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Does partial replacement of corn with glycerin in beef cattle diets affect in vitro ruminal fermentation, gas production kinetic, and enteric greenhouse gas emissions?
AuthorBenedeti, Pedro Del Bianco
Fonseca, Mozart Alves
Marcondes, Marcos Inacio
de Paula, Eduardo Marostegan
da Silva, Lorrayny Galoro
Faciola, Antonio Pinheiro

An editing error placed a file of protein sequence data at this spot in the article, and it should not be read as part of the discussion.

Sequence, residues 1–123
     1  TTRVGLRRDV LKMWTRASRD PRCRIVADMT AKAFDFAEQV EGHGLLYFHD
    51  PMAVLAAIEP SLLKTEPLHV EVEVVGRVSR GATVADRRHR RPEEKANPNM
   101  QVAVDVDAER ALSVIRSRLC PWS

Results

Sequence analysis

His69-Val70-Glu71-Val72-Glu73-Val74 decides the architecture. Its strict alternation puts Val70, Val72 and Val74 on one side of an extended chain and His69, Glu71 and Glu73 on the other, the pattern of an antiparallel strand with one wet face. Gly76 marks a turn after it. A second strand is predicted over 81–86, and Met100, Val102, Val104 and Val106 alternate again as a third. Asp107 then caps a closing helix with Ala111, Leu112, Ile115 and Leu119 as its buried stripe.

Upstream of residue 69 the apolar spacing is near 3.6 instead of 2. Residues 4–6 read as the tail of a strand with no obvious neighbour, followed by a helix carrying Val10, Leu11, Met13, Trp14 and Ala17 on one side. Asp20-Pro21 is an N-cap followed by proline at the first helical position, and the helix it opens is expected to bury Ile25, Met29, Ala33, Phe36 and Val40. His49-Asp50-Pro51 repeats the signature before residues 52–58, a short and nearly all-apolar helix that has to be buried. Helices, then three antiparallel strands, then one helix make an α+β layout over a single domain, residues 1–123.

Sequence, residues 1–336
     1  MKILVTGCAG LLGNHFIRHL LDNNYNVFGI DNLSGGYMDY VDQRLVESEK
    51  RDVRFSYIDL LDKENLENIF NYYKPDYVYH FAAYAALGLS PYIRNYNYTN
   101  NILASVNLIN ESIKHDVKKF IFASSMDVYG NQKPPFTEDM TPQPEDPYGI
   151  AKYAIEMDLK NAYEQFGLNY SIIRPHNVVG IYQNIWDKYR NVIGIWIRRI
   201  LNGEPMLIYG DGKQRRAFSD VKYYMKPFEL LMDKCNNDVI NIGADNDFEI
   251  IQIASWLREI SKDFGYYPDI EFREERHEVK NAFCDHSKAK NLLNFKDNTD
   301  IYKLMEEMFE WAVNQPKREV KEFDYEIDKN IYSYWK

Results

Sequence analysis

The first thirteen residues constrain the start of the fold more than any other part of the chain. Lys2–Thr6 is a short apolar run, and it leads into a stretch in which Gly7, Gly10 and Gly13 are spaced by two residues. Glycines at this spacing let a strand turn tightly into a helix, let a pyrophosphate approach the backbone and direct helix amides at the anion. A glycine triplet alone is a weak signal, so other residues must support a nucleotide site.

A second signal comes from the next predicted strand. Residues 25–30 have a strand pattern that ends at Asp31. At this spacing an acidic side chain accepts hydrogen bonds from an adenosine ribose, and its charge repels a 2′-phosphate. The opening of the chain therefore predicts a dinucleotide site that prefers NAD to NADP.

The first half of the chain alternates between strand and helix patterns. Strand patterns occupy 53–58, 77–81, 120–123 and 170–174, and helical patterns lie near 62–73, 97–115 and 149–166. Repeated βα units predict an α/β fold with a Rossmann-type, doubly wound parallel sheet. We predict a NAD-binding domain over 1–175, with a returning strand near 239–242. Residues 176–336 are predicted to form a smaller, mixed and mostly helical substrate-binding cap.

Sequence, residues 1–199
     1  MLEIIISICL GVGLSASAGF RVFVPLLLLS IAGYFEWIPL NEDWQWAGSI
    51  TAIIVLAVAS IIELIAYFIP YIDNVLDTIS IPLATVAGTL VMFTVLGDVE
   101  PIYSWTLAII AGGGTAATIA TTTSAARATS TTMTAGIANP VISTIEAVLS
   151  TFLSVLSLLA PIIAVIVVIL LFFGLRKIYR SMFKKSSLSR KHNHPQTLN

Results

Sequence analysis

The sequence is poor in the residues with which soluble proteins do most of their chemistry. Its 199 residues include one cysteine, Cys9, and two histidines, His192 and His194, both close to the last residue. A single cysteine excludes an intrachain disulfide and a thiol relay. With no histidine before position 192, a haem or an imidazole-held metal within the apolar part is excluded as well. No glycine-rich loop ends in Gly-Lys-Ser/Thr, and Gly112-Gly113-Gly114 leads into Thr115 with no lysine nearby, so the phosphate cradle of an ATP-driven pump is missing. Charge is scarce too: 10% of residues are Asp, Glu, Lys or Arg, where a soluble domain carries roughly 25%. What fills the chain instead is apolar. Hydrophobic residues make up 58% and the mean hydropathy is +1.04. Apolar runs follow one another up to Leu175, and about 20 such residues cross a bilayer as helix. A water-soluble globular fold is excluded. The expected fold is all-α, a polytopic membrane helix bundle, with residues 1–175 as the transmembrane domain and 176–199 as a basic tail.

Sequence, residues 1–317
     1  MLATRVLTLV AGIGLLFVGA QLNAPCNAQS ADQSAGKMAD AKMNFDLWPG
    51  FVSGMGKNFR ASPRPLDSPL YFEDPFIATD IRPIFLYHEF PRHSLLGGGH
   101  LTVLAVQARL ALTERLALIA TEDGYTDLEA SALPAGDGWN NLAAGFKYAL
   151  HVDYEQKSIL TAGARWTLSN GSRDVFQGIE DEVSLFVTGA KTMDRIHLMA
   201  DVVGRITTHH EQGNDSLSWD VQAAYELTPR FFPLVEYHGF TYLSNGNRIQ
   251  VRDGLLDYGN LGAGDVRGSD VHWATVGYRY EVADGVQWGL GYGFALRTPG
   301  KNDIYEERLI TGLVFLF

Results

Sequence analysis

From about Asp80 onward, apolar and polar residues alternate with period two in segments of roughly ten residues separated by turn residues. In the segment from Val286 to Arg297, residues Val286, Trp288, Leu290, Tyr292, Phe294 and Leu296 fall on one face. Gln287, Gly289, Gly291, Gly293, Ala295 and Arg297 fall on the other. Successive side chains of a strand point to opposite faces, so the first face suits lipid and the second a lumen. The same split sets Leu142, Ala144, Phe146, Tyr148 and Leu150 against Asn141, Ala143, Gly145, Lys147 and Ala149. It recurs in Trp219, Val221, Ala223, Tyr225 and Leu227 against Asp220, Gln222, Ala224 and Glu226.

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Five in vitro experiments were conducted with the following objectives: 1) To evaluate the ruminal fermentation of three different single ingredients: corn, glycerin, and starch (Exp. 1 and 2)2) To assess effects of partially replacing corn with glycerin in beef cattle diets on ruminal fermentation pattern (Exp. 3 and 4)and 3) To evaluate the effects of glycerin inclusion on the extension of ruminal DM digestibility of feeds with high (orchard hay) and low (corn) fiber content (Exp. 5). For Exp. 1 and 2, two in vitro systems (24-bottle Ankom(RF) and 20-serum bottles) were used in four consecutive fermentation batches to evaluate gas production (GP), fermentation profiles, enteric methane (CH4), and carbon dioxide (CO2) of corn, glycerin, and starch. The 24 h total GP, acetate concentration, and acetate: propionate ratio decreased only when glycerin was added to the diet (P < 0.01). The 48-h total GP and metabolizable energy were greatest for corn (P < 0.01), and similar between glycerin and starch. The starch treatment had the lowest total volatile fatty acids concentration (P = 0.01). Glycerin had greatest CH4 production, lag time, and maximum gas volume of the first pool (P < 0.05). However, the maximum gas volume of the second pool was greatest for corn (P < 0.05), and similar between glycerin and starch. The starch treatment had the greatest specific rates of digestion for first and second pools (P < 0.05). Production of CO2 (m/Lg) was greater for corn (P < 0.01), but similar for glycerin and starch. For Exp. 3 and 4, the same systems were used to evaluate four different levels of glycerin [0, 100, 200, and 300 g/kg of dry matter (DM)] replacing corn in beef cattle finishing diets. Glycerin levels did not affect 24 and 48 h total GP, CH4, and CO2 (P > 0.05). The inclusion of glycerin linearly decreased acetate concentration (P = 0.03) and acetate: propionate ratio (P = 0.04). For Exp. 5, two Daisy" incubators were used to evaluate the in vitro dry matter digestibility (IVDMD) of the following treatments: orchard haycornorchard hay + glycerinand corn + glycerin. Glycerin inclusion decreased orchard hay IVDMD (P < 0.01) but did not affect corn IVDMD (P > 0.05). We concluded that, under these experimental conditions, glycerin has similar energy efficiency when used in replacement of corn and included at up to 300 g/kg in beef cattle diets.